Human Capital and Your Financial Plan
We are all aware of the “common” asset classes such as stocks, bonds and real estate. But what about your human capital? By definition, human capital is the economic value of an individual's ability to earn an income. If you are an “accumulator” in financial planning parlance, your ability to earn an income is paramount to future financial security. During your professional life, you effectively convert human capital into financial capital by saving and investing a portion of your income. The typical individual in their 20’s may have tremendous potential in human capital but generally little financial capital or savings. This relationship between our human and financial capital generally reverses as we reach our 50’s. If we have earned and saved successful, our financial capital should increase as our earning power decreases.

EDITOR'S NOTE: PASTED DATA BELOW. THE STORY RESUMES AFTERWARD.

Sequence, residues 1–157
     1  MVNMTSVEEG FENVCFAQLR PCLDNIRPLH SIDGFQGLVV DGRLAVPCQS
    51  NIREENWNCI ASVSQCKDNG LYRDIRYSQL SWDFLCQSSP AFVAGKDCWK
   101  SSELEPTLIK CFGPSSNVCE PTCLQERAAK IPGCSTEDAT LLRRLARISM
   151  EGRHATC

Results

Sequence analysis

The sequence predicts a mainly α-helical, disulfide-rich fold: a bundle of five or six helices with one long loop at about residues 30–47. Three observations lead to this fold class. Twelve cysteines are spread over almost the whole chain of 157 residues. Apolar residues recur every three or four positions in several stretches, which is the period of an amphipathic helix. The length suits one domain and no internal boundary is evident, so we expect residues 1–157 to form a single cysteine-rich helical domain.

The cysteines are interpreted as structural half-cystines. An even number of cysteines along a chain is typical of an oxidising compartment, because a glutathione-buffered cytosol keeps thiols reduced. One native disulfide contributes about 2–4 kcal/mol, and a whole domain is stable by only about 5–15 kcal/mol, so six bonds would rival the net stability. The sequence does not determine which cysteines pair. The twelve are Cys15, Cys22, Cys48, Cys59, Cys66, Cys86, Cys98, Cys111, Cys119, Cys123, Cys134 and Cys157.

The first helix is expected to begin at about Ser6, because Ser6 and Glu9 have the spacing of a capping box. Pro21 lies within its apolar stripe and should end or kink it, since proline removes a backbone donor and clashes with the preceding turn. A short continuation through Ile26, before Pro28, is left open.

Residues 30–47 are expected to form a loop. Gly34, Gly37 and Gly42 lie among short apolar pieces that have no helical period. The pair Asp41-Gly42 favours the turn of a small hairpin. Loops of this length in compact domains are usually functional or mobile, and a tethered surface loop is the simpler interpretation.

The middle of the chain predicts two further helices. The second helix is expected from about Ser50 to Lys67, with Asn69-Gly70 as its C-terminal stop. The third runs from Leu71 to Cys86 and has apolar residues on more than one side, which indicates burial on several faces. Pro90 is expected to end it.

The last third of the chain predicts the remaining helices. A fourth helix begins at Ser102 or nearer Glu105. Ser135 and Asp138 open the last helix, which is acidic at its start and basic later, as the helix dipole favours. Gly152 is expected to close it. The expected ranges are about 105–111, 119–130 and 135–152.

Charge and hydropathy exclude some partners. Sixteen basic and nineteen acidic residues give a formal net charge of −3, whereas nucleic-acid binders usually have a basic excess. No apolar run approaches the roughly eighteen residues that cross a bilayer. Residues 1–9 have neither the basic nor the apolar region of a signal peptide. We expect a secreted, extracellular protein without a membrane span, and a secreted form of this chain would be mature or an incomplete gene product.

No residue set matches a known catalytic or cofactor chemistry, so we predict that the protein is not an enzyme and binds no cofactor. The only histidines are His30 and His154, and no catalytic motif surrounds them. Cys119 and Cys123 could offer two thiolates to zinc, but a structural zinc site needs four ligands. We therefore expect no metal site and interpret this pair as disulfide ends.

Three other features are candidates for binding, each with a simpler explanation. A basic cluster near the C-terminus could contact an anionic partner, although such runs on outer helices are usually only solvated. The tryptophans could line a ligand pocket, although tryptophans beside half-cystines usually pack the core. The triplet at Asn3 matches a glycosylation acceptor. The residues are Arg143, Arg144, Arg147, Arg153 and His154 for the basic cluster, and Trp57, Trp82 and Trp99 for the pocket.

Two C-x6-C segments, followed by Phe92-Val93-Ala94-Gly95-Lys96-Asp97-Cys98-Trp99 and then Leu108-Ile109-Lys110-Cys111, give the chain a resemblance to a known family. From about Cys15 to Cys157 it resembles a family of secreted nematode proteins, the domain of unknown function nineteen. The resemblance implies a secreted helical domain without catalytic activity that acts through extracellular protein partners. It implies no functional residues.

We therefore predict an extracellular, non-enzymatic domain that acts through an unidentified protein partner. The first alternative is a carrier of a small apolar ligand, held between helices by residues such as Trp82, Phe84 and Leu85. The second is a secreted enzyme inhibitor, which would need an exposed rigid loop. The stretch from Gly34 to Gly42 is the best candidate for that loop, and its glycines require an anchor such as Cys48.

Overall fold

So how do we invest in our human capital and what are the risks? Obtaining a college degree, continuing professional education, and staying healthy can all increase your human capital. Factors like job stability, income volatility, your industry and company outlook should also be considered when investing your financial resources. Other risk factors to human capital are death, disability and professional competence.
So what’s the takeaway? Your human capital should not be overlooked when putting together your financial plan. When investing, take into account the attributes of both your human capital and financial capital. Mitigate the risks to your human capital with health, disability and life insurance and further investment in your professional skill set.